Guest Editorial: Companies must take a stand on voter suppression

In a letter to more than 90,000 parishioners, Bishop Reginald Jackson, who presides over more than 400 African Methodist Episcopal churches in Georgia, said the state’s new Republican-backed election law is “racist and seeks to return us to the days of Jim Crow.”

Jackson is right to call for corporate leaders at companies like Coca-Cola and Delta Air Lines to speak out in opposition.

“If we cannot persuade them or if they refuse to oppose this legislation then we will organize and implement a boycott of their companies,” the letter says.

A national boycott of some of Georgia’s largest businesses should be strongly considered if the leaders of these companies continue in not speaking out more forcefully against the law.

Coca-Cola said in a statement that the company has been engaged in “advocating for positive change in voting legislation.”

Delta Air Lines issued a statement touting some parts of the law, such as expanded weekend voting, but said “we understand concerns remain over other provisions in the legislation and there continues to be work ahead in this important effort.”

These statements are not enough.

We agree with the views cited in a letter signed the children of some of the nation’s most notable civil rights leaders that said that far “too many of our lawmakers failed to take a stand and corporations did not go far enough to ensure every voting citizen had fair and equitable access to the most basic of American rights.” The letter was written by Bernice A. King, the daughter of the Rev. Martin Luther King Jr.; Al Vivian, the son of the Rev. C.T. Vivian; and John-Miles Lewis, the son of U.S. Rep. John Lewis.

Republican Gov. Brian Kemp signed the new election law last week just hours after it cleared the state legislature. The Georgia law adds a photo ID requirement for voting absentee by mail, cuts the amount of time people have to request an absentee ballot and limits where drop boxes can be placed and when they can be accessed. It also bans people from handing out food or water to voters waiting in line and allows the Republican-controlled State Election Board to remove and replace county election officials.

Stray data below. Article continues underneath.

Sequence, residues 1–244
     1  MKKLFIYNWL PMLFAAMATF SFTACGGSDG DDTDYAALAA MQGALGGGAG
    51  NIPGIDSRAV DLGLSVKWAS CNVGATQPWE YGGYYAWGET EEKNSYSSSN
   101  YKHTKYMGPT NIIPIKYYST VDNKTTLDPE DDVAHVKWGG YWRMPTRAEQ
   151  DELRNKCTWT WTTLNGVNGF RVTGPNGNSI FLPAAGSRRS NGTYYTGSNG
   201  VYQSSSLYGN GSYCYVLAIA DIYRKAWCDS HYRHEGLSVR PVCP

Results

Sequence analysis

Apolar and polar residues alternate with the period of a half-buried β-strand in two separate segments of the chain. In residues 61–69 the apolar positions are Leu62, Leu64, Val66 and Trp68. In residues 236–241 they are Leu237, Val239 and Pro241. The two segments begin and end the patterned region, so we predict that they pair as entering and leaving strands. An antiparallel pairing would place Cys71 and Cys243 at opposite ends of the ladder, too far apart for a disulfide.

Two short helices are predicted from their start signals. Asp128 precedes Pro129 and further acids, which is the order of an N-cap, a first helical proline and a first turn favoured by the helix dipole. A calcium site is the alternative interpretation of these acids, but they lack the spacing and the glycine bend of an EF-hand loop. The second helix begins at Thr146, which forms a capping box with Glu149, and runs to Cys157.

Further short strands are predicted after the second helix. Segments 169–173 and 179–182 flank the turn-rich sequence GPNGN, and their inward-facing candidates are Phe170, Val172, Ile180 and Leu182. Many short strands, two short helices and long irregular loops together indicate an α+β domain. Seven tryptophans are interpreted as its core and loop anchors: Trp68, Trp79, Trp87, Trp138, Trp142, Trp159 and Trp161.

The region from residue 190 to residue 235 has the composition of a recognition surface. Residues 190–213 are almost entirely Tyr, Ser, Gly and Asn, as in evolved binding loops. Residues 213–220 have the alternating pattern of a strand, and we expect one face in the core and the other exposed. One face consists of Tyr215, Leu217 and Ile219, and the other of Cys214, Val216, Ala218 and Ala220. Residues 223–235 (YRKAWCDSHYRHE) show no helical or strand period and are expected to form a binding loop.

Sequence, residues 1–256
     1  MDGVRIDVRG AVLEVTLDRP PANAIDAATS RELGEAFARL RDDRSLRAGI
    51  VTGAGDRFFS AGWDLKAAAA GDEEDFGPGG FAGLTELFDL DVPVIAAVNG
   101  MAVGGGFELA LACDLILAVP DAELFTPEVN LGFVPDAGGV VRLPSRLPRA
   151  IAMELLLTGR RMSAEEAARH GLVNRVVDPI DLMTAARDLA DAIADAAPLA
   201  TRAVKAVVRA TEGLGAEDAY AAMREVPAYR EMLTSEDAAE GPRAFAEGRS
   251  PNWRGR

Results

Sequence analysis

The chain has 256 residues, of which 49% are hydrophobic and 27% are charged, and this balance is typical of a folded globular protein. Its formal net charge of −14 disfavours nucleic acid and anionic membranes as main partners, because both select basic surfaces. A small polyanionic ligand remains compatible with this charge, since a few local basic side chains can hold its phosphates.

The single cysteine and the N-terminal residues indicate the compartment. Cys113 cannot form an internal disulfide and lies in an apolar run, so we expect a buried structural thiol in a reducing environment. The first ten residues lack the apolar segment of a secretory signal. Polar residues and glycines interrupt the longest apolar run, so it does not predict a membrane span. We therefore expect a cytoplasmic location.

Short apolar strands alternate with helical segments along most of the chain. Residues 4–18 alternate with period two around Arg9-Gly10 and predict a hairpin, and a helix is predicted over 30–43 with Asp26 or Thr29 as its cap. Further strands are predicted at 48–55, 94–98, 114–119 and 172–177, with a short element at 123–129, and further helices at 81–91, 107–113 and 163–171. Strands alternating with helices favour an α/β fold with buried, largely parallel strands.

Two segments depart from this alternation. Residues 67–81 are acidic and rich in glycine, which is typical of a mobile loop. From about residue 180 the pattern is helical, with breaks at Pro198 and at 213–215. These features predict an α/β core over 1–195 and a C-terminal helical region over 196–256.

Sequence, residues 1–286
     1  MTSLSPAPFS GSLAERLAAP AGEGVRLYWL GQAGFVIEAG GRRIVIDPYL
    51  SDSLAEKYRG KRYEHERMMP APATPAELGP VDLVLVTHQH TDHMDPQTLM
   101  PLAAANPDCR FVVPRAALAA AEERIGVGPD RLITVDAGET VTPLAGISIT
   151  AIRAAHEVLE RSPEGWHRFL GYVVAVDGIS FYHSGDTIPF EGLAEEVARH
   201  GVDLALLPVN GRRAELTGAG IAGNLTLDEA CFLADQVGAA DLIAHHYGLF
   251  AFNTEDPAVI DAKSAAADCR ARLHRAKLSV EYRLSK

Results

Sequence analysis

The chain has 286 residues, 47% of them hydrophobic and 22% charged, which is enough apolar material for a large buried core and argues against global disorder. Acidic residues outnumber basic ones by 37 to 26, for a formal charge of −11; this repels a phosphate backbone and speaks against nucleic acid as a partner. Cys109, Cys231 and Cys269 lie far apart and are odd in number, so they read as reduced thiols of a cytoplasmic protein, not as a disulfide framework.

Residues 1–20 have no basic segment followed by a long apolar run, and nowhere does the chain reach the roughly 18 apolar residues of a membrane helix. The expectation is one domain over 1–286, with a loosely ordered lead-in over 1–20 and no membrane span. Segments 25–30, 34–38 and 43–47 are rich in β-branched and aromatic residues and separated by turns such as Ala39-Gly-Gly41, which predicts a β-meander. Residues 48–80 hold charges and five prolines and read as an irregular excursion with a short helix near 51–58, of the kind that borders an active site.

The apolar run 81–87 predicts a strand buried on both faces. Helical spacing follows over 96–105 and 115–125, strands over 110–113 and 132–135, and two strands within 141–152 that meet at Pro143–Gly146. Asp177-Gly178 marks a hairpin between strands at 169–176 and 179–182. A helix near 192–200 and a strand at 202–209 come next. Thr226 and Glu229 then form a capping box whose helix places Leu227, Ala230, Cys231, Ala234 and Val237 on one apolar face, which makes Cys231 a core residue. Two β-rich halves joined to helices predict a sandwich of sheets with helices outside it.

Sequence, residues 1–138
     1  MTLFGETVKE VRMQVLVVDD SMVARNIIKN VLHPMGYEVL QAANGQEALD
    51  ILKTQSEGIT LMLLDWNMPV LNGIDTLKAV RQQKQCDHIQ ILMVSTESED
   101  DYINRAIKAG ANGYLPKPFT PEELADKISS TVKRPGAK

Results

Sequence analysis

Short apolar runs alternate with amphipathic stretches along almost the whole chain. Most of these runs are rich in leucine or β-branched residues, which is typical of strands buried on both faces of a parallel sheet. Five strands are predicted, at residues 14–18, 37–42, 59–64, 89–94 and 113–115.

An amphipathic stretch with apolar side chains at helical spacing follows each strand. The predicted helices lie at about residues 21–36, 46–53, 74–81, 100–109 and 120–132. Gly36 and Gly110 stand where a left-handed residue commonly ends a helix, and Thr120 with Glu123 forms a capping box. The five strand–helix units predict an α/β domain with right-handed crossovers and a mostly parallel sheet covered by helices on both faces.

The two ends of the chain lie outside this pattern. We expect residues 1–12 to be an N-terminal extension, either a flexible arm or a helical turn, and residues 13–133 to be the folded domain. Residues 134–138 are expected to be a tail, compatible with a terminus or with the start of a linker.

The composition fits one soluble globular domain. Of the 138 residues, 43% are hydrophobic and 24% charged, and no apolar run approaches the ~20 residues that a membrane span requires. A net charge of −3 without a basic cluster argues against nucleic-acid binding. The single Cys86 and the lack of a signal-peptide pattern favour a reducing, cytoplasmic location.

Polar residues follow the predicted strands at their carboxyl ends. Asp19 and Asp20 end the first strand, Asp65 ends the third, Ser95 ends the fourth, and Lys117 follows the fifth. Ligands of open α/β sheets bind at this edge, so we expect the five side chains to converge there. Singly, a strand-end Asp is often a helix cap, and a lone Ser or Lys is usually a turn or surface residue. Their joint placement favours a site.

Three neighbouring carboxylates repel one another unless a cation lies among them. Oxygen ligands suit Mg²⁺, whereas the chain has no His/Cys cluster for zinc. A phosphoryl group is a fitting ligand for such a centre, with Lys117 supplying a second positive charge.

Republicans in Georgia argue that the law is needed to restore voters’ confidence.

Georgia is not alone. Republican controlled state legislatures across the country have backed similar election bills after former President Donald Trump made false claims about election fraud.

There is no evidence of widespread voter fraud in the 2020 presidential election.

Instead of trying to attract voters with good candidates and ideas, Republicans are seeking to discourage voters.

The change to Georgia’s election law was made after Democrats won the presidential contest and two U.S. Senate runoffs in the once reliably red state. A lawsuit filed Sunday by organizations including the Georgia NAACP against Secretary of State Brad Raffensperger and other members of the State Election Board, asks a judge to find that the law violates the U.S. Constitution and the Voting Rights Act and to block state officials from enforcing it.

The complaint argues that Republican “officials have resorted to attempting to suppress the vote of Black voters and other voters of color in order to maintain the tenuous hold that the Republican Party has in Georgia.”

Georgia voting-rights leader Stacey Abrams was right to denounce the corporations’ spinelessness. She recently said “there should be no silence from the business community when anyone in power is trying to strip away the right to vote from the people.”

Washington Post columnist Jennifer Rubin correctly points out that “corporate America, which made a public show of support during Black Lives Matter demonstrations last summer and has in the past boycotted states over harsh immigration laws and laws discriminating against transgender people, has at best been silent and at worst supportive of the Jim Crow-style legislation.”

What can be done? “It should not fall to just Black politicians or civic leaders to do the heavy lifting. Americans who value their democracy can and should voice their displeasure so as to inflict public embarrassment or pain on corporations that think there is no downside to cuddling up to voter suppressors,” said Rubin

“Employees can protest or take collective action. Shareholders can voice their condemnation. Consumers can find another airline to fly or another soda to drink. Ordinary citizens can protest at corporate headquarters.”

The leaders of corporate America must be held accountable on this critical issue.

(Reprinted from the Philadelphia Tribune)

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